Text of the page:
A proposal by Wal-Mart to add a wind turbine to its environmental demonstration store in Burlington is drawing criticism from local residents worried about everything from the turbine’s effects on health and wildlife to potential for reduced property values and running afoul of the city’s sign bylaw.
It has even become a municipal election issue.
“Wal-Mart is always contentious,” said Coun. Peter Thoem, who is running in Ward 2.
Residents were taken by surprise when a public notice proposing installation of the wind turbine appeared Sept. 22 in the Burlington Post.
“I’m so upset that a company is planning to decide the fate of my health and well-being–without so much as a public forum or consultation. It is outrageous, shocking and heart-breaking,” said Jackie Jones, who noted she lives and works within a kilometre of the Wal-Mart.
“It seems that Wal-Mart has moved ahead with this proposal without any public awareness and in a somewhat clandestine manner, choosing only to publicize it because the ministry requires it,” said Ward 2 candidate Dave Bedini.
However, the whole reason for the notice was “for us to give a heads-up to the local community in the towns of Burlington and Milton,” where an identical turbine is also proposed, said Karin Campbell, Wal-Mart manager of corporate affairs.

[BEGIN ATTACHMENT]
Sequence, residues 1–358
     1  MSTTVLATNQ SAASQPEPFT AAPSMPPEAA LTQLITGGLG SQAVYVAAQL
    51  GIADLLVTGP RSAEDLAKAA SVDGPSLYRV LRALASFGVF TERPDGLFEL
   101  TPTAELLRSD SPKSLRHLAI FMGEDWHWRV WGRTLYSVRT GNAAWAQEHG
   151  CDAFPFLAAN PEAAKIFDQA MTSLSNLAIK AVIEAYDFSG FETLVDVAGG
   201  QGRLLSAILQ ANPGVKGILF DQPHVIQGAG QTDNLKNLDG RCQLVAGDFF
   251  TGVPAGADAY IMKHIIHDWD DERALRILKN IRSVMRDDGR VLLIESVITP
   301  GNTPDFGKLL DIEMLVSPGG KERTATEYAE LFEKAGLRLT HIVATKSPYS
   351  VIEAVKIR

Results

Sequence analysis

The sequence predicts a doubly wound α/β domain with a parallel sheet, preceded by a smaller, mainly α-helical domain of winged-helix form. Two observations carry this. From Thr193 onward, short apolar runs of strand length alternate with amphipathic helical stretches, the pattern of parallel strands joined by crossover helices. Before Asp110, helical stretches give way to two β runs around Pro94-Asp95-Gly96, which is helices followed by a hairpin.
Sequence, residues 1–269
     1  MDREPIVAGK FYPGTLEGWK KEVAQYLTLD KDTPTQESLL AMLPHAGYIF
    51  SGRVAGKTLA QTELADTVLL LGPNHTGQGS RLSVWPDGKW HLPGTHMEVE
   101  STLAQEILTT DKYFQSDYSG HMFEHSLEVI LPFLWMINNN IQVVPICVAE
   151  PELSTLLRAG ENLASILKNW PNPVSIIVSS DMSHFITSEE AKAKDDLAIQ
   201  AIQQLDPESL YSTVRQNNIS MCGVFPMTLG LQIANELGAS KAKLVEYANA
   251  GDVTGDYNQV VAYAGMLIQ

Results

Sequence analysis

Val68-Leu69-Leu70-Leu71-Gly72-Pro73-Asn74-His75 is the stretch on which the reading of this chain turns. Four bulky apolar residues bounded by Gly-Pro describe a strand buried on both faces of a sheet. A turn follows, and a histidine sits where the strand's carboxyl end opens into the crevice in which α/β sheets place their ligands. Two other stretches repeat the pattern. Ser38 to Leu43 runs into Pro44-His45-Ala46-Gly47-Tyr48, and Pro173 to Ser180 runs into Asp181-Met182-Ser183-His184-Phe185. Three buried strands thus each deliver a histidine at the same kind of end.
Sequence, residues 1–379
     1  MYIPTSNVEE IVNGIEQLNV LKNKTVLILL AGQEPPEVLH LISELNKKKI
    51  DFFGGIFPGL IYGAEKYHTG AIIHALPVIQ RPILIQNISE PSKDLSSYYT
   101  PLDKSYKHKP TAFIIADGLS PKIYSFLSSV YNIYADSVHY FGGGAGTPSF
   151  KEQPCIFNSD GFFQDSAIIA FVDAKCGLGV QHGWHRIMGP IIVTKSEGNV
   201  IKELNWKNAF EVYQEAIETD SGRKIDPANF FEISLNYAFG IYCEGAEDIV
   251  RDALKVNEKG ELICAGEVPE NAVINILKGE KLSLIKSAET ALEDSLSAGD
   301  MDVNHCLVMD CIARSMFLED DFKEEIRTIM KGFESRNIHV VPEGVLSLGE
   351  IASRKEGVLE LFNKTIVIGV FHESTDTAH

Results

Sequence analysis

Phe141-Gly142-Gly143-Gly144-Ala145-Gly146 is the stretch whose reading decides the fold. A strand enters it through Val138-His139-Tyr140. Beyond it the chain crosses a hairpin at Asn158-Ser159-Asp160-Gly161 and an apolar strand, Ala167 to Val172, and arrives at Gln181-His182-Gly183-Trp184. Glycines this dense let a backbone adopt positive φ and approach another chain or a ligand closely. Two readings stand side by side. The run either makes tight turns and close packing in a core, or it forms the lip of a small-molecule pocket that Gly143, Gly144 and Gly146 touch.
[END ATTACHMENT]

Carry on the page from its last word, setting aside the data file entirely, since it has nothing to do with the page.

Thoem is not convinced, saying, “Many residents agree that this project is more about high-visibility signage than energy conservation.
“It is a 20-kilowatt wind energy project, enough to power 20 toasters – when the wind is blowing. But it’s not in an area known for reliable winds,” he added.
“If it’s already low-wind, imagine what’s going to happen when you put up two large high-rises on either side of it. It’s going to reduce the wind down to zero,” said John Lawson, property manager for Emshih Developments, which is proposing an apartment building for the property next door. A vacant lot on Wal-Mart’s opposite side is also zoned to allow for high-rise, high-density apartments.
“Putting up a large windmill right next to our property not only will reduce the marketability of a future project but also would decrease the land value because of what the property is allowed to do and won’t be able to do,” he added.
Wal-Mart “says there are no residential (properties) in the area… They’re only seeing what they see out their window,” he added. “They are not looking at the zoning allowances of the neighbouring property.”
Thoem has other issues with the proposal. “The bigger concern is this: Is this the thin end of the wedge? Is this how big-box retailers are going to move forward, taking advantage of the Green Energy Act to get around the municipal approval process, bringing some of the health and safety issues that surround windmills into our urban areas?” he asks.
“If it were anyone but Wal-Mart, attitudes might be different,” said Ward 2 candidate Shannon Gillies. “It’s not up to us to tell Wal-Mart to use solar panels instead, even if that’s what we think.”
The turbines are the first at Wal-Mart stores in Canada and the company hopes to have them running by the end of the year. It also has plans for a solar power test project at a site yet to be named.
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